It was ten o’clock on a Saturday night when Monique Jaramillo, then a tenth-grader at Abraham Lincoln High School in southwest Denver, made an unusual call. Could her "teacher-mentor" meet her at a local coffee shop to help her study for her chemistry exam? She needed the help—and needed to study someplace other than home, where a raucous party was going on, led by family members involved in dealing drugs. If the call was unusual by most standards, it was not unusual for the program known as Colorado Uplift, one of four winners of the 2013 Richard Cornuelle Prize. "Uplift," as its staff and the students whom it helps call it, looks to its staff of teacher-mentors to be a regular part of the school day at the 28 Denver schools in which it works—and also expects them to be on call 24/7. The program—established in Denver in 1987 and now being slowly and carefully replicated in four other cities—calls for its staff to be a deep and regular presence in the lives of its students, the vast majority of whom are low-income Latinos. It has created the means to establish such relationships with some 4,800 Denver public school students this year—from fourth grade through high school—and more than 30,000 over the life of the organization. The organization is the product of the vision of one man: Kent Hutcheson, who returned to his native Denver in 1981 after nearly a decade overseas with Campus Crusade for Christ, International, where he worked mainly in the Philippines, helping to establish a program to bring medicine to the squatter camps that had sprung up around Manila’s infamous garbage dumps. Upon his return to Denver, Hutcheson observed some conditions in that city’s poor African-American neighborhoods that he feared might lead to Third World–style disorder. So he set out on the course that would lead to Colorado Uplift. This onetime high school football star—voted Colorado’s single best player (the Golden Helmet award)—called on a still-intact network of friends and admirers, many of whom had gone on to found successful businesses. At first, Uplift was to be a job-training and placement program, focused on preparing young adults for the social norms of a workplace and placing them in the firms of the organization’s financial backers. Hutcheson quickly switched course, after concluding that "we were only helping the ones who would have been okay anyway" and watching others crash and burn once on the job. A chance encounter with a high school principal convinced Hutcheson that starting earlier was the key. Over time, that would mean working directly in the lowest-performing Denver public schools and eventually starting in the fourth grade. The program would center on for-credit elective classes focused on character development, toward which guidance counselors would steer students known for fighting, absenteeism, and troubled family backgrounds, often including parents involved in criminal behavior. Classes would come to be complemented by "adventure" outings (including that first snowboarding trip in a state well-known for winter sports), a summer day camp, and, crucially, ongoing relationships with teacher-mentors—the same people whom students know as their class teachers—outside school.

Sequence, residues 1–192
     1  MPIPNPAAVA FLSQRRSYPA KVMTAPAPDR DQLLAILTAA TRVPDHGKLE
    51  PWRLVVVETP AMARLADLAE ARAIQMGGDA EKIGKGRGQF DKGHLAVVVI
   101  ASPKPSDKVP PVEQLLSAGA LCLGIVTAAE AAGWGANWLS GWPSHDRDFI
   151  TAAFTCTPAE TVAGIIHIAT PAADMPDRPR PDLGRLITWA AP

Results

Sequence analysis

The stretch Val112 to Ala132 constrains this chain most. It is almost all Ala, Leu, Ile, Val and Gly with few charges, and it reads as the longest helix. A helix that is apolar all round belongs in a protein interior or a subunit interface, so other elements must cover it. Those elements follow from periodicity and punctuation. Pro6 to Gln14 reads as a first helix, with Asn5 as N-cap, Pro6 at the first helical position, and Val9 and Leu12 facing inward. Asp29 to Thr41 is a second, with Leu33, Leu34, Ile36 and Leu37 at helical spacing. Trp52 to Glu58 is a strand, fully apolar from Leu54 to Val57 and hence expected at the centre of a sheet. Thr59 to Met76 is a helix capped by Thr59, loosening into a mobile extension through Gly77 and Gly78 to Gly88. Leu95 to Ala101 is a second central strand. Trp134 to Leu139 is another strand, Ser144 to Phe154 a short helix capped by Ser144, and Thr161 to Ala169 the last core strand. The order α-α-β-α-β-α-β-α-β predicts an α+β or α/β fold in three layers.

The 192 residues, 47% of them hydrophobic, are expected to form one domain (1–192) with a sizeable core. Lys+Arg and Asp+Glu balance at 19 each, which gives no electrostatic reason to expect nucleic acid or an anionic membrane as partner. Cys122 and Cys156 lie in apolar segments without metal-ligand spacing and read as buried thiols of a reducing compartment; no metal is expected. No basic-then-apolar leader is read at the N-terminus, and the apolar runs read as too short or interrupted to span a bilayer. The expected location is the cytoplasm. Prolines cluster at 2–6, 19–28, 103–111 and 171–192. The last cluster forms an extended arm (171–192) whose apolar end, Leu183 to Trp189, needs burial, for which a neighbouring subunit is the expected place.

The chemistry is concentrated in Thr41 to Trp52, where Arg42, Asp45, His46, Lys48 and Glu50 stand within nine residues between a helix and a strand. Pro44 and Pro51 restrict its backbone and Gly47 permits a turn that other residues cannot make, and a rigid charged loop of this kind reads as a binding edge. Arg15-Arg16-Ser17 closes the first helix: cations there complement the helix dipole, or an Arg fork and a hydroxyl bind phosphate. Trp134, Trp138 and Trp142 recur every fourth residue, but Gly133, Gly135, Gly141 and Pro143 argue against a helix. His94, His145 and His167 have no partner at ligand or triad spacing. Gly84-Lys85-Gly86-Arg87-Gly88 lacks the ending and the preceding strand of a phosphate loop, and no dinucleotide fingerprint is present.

Unprompted, students with whom I met made it clear that they regarded Uplift teachers as the parents they wished they had. As Monique Jaramillo—the student who once called for chemistry help and is now an Uplift teacher-mentor herself—put it: "You need someone who cares whether you’re successful." The high school students themselves are called upon to mentor Uplift’s elementary school students (known as "Little Lifts"). One Uplift high school senior said to me, "You have to really act the way you say you should act. If you meet one of the younger kids in the neighborhood and you’re smoking, they’re going to say, 'I thought you said not to smoke.’" The adult teacher-mentors are part of a full-time staff of 34. Many stay in touch with their students even after high school graduation; most live in the same neighborhoods as the kids they’re helping, and students routinely show up on their doorsteps at odd hours. The teacher-mentors see their role as offering counsel during crises and also as being models of, as one staff member put it, "what a good family is like; how a husband speaks with his wife; what it’s like to have a conversation at the family dinner table." A quarter of all Uplift staff were once Uplift kids themselves. They are decidedly not likely to be professional social workers, many of whom apply for Uplift positions and are turned away. This is an organization, like Teach for America and many charter schools, that looks for young staff who are willing to help the most disadvantaged kids believe that there is no point in seeing themselves as victims—the phrase "you are not a victim" is used repeatedly in class and in conversation. The staff teaches them that building a better life takes such virtues as discipline and respect. Along with habits of effective study, not blaming others for setbacks is emphasized in class. As with all the programs recognized by the Manhattan Institute’s social entrepreneurship awards, the results look to be positive and significant. Uplift reports that, of those students who remain in the program three years or longer, some 90 percent graduate from high school. The overall, system-wide graduation rate is just 58 percent. Uplift reports that 86 percent of the same "three years or longer" group go on to postsecondary education: four- or two-year-colleges, trade schools, or vocational programs. But one can make too much of numbers. This is a program that is doing a lot of good. Current and former students as well as staff offer sincere and convincing emotional testimonials. Jaramillo, the first in her extended family to graduate high school, tells hair-raising stories of sleeping with a butcher knife out of fear of her own father, of routinely fighting in school (when she didn’t "ditch"), and of her assumption that "only white people" could aspire to settled lives and good jobs. A guidance counselor’s push into Uplift, she says, led her to believe that she could reach "the other side of the rainbow." Indeed, she has: Jaramillo is now an Uplift staff member. She is married to a small businessman ("my husband owns his own FedEx route"), is the mother of two, and is a college graduate (an associate’s degree in business administration). Moreover, she views her own transformation and success as an example for her 26 nieces and nephews in Denver, whom she believes she has pointed away from lives of drugs and crime. This is a story of how the culture of a neighborhood can change for the better when key people set different examples. Although Uplift is in the public schools, it is supported entirely by philanthropy and has no contract with the school system. This is a matter not of convenience or coincidence but of principle. Uplift accepts no government funding of any kind. "You simply can’t count on it continuing to be there, and there are always strings attached," says Hutcheson. Intent on pursuing its own approach, Uplift will not even accept United Way funds. It can afford to refuse these funds because of a deep and varied base of donors in the Denver business and foundation communities, led by the Anschutz Family Foundation and the Daniels Fund, which funds college scholarships for top Uplift graduates. Uplift’s business board, stresses Richard Saunders, head of a local commercial construction firm, leads to vigilance about costs, which average just $1,000 per student per year (including students of all ages, some of whom receive less intensive services). A $4.5 million fund-raising drive aims to deepen the Uplift’s involvement in middle schools—and to help provide the resources for it to advise those in other cities looking to establish or expand Uplift-style programs. There are currently four such programs: in Orlando, Phoenix, Portland (Oregon), and New York (a fledgling program of 200 in the Bronx). In all cases, notes Hutcheson, Uplift is responding to the enthusiasm of "local champions"; it does not seek to own and operate programs elsewhere but, rather, to inspire others—as well it should.